When the history of his career is written, James Franco will either be known as a jack of all trades (and, perhaps, master of none) or a true example of a post-modern renaissance man. No other actor with his matinee idol good looks has parlayed his particular slacker/stoner/star vibe into a legitimate career as a writer/director/performer/author/activist/thinker and artist, dabbling in everything from short fiction to theater, film both mainstream and experimental, and roles both traditional and slightly out of the ordinary. He is just as comfortable mocking his own "is he gay?" aura on Comedy Central as he is dishing out the hissable villain dialogue alongside Jason Statham in the recent thriller Homefront.
From his days as a James Dean wannabe to his work on Freaks and Geeks and his mainstream breakthrough as Spider-man's pal/eventual enemy Harry Osborn, he's defied any attempt at typecasting or labeling. Just this year alone, he made fun of his image (This is the End, the aforementioned CC Roast), elevated the caricature of a white rapper to delightfully dizzying heights (in Harmony Korine's brilliant Spring Breakers) played Hugh Hefner in a biopic about Linda Lovelace and made a weird docu-drama about the rumored missing footage from William Friedkin's controversial film Cruising (Interior. Leather Bar). Oh, and there was a little trip to Oz that he took with the Evil Dead's Sam Raimi.
For his latest excursion into obtuse professional choices, Franco has decided to adapt William Faulkner's "unfilmable" novel As I Lay Dying. A decidedly low budget affair, the Oscar-nominated star sheds much of his goofball glamour to play Darl Bundren, one of the Bundren clan sworn to uphold the last wishes of their sick mother, Addie (Beth Grant). Co-writing with Matthew Rager as well as sitting behind the lens, Franco tells the story of a family uprooted from their rural country life and carrying their mother's coffin all the way to Missouri. Deconstructing the complicated plot from the book (which is also told by several contradictory narrative voices), we watch as husband Anse (Tim Blake Nelson) gathers up the brood - sons Cash (Jim Parrack), Darl, Jewel (Logan Marshall-Green) and Vardaman (Brady Permenter) and daughter Dewey Dell (Ahna O'Reilly) - and sets off on a perilous journey where they come across tragedies both natural and personal.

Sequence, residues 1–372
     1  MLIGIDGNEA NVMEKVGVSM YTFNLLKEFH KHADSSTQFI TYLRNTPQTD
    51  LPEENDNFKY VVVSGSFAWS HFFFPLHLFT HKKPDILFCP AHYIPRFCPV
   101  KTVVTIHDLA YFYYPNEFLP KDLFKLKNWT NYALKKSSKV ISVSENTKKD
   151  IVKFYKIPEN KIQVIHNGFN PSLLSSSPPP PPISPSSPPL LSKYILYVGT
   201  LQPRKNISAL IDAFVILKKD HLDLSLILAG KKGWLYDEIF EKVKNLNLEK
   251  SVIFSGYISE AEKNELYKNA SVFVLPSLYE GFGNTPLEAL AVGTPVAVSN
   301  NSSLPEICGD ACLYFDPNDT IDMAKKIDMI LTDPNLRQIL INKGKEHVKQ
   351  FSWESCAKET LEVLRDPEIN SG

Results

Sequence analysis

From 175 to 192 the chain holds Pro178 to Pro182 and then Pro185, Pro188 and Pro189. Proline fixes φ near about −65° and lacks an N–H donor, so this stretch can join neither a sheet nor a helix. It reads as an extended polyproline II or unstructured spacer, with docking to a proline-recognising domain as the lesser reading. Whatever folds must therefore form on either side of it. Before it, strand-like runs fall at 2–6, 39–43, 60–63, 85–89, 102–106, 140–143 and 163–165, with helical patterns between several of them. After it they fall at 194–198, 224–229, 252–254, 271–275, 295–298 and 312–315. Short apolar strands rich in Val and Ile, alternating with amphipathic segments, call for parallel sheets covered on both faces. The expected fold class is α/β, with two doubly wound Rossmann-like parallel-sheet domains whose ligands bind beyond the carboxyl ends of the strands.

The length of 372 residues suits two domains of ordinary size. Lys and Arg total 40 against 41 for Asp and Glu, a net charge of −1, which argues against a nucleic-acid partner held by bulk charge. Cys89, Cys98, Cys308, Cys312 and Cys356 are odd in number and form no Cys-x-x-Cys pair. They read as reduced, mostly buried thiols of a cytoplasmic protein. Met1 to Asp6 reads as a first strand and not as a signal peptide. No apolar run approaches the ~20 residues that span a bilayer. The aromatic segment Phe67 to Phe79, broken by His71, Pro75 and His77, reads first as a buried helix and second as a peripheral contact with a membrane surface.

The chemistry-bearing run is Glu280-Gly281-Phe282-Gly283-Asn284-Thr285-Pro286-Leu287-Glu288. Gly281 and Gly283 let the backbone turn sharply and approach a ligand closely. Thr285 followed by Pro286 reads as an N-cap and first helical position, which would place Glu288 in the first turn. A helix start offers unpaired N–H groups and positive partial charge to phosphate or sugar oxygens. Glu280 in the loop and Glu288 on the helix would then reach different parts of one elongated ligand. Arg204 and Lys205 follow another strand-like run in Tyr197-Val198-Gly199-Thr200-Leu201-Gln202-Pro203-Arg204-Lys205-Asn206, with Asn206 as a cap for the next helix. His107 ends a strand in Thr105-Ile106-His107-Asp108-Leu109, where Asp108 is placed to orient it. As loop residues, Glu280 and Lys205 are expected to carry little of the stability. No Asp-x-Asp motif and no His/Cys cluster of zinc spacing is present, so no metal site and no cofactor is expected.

By taking the tale down to its bare bones, by relinquishing much of what made Faulkner's work so magical on paper, Franco cracks the code and delivers up a small, subtle winner. It's the antithesis of what you'd expect from such a flamboyant figure, but this is one actor whose always been a humanist at heart. He's much more interested in people than the particulars of pace or purpose, and this renders As I Lay Dying a delicate character study where the modern motifs each actor embodies are used to emphasize, not extinguish, the period piece mood and temperament. Faulkner, a determined alcoholic, did the same thing in his novels. He used experimental, contemporary techniques to cut his stories down to episodes of interpersonal enlightenment. Franco follows suit, creating an ensemble piece where the epiphanies are more important than the events.
His cast is quite capable of delivering on his designs. As Addie, Beth Grant makes the most of her limited screen time, while Danny McBride does the same with what amounts to an extended cameo. Of the sons, Franco and Jim Parrack have the best overall character arc, even if it requires a bit of nauseating bloodletting to get through them. Perhaps the real standout is Tim Blake Nelson as Anse. Lost in his bumpkin persona and fiery in this clueless determination, it is within this performance that we see the real reason behind Addie's request. In some ways, she wants her remaining family go on a Pilgrim's Progress, a series of struggles (in this case, via a burial journey) so that they can better understand themselves and each other. In addition, they can also suffer as she did. Of course, in Faulkner's (and Franco's) hands, such self discovery can be damaging.